In Sweden, fjäll refers to any mountain or upland high enough that forest will not naturally survive at the top, in effect a mountain tundra. Fjäll is primarily used to describe mountains in the Nordic countries, but also more generally to describe mountains shaped by massive ice sheets, primarily in Arctic and subarctic regions.
In Finnish, the mountains characteristic of the region of Lapland are called tunturi (plural: tunturit), i.e. "fell". A tunturi is a hill high enough that its top is above the tree line and has alpine tundra. In Finnish, the geographical term vuori is used for mountains recently uplifted and with jagged terrain featuring permanent glaciers, while tunturi refers to the old, highly eroded, gently shaped terrain without glaciers, as found in Finland.They are round inselbergs rising from the otherwise flat surroundings. The tree line can be at a rather low altitude, such as 600 m in Enontekiö, owing to the high latitude. The fells in Finnish Lapland form vestiges of the Karelides mountains, formed two billion years ago. Also, the term tunturi is also generally used to refer to treeless plains at high altitudes in far north regions. The term tunturi, originally a word limited to far-Northern dialects of Finnish and Karelian, is a loan from Sami, compare Proto-Sami *tuontër, South Sami doedtere, Northern Sami duottar, Inari Sami tuodâr "uplands, mountains, tundra", Kildin Sami tūndâr, which means "uplands, treeless mountain tract" and is cognate with Finnish tanner "hard ground". From this Sami word, the word "tundra" is borrowed, as well, through the Russian language. Hills that are over 50 m high, but do not reach the tree line are referred to as vaara, while the general term for hills including hills of 50 m or less is mäki. In place names, however, tunturi, vaara and vuori are used inconsistently, e.g. Rukatunturi is technically a vaara, as it lacks alpine tundra.
The term förfjäll (literally "fore-fell") is used in Sweden and Finlandto denote mountainous zones lower and less dissected than the fell proper. However, its more pronounced relief, its often higher amount of plateaux, and its coherent valley systems distinguishes the förfjäll also from the undulating hilly terrain (bergkullsterräng) and the plains with residual hills (bergkullslätt). Generally, the förfjäll do not surpass 1000 m ASL. As a geomorphic unit, the förfjäll extends across Sweden as a 650-km-long and 40- to 80-km-broad belt from Dalarna in the south to Norrbotten in the north.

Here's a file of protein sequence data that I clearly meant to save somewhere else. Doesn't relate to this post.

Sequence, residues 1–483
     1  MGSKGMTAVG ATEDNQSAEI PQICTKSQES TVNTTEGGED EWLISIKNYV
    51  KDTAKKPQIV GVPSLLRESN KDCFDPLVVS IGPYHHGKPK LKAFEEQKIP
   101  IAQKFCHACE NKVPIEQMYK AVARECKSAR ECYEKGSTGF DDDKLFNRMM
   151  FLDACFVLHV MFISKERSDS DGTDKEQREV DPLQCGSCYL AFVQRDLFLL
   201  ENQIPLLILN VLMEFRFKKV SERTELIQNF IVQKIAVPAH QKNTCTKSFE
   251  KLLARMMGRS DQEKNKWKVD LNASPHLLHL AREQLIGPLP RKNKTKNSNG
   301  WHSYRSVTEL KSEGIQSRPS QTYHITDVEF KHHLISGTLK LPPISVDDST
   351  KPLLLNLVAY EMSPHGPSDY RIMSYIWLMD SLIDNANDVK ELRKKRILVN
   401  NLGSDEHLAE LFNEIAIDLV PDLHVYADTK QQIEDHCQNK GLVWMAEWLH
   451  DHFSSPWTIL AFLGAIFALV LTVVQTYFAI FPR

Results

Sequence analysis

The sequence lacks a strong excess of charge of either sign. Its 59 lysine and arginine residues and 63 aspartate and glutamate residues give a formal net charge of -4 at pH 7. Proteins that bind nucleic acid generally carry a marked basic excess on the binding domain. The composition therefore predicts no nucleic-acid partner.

|Look up fell in Wiktionary, the free dictionary.|
Sápmi is the cultural region traditionally inhabited by the Sámi people. Sápmi is in Northern Europe and includes the northern parts of Fennoscandia.
Scafell Pike is the highest mountain in England, at an elevation of 978 metres (3,209 ft) above sea level. It is located in the Lake District National Park, in Cumbria, and is part of the Southern Fells.
Skiddaw is a mountain in the Lake District National Park in England. Its 931-metre (3,054 ft) summit is the sixth-highest in England. It lies just north of the town of Keswick, Cumbria, and dominates the skyline in this part of the northern lakes. It is the simplest of the Lake District mountains of this height to ascend and, as such, many walking guides recommend it to the occasional walker wishing to climb a mountain. This is the first summit of the fell running challenge known as the Bob Graham Round when undertaken in a clockwise direction.
The Old Man of Coniston is a fell in the Furness Fells in the English Lake District and the highest point of the traditional County Palatine of Lancashire. It is at least 2,632.61 feet (802.42 m) high, and lies to the west of the village of Coniston and the lake, Coniston Water. The fell is sometimes known by the alternative name of Coniston Old Man, or simply The Old Man. The mountain is popular with tourists and fell-walkers with a number of well-marked paths to the summit. The mountain has also seen extensive copper and slate mining activity for eight hundred years and the remains of abandoned mines and spoil tips are a significant feature of the north-east slopes. There are also several flocks of sheep that are grazed on the mountain.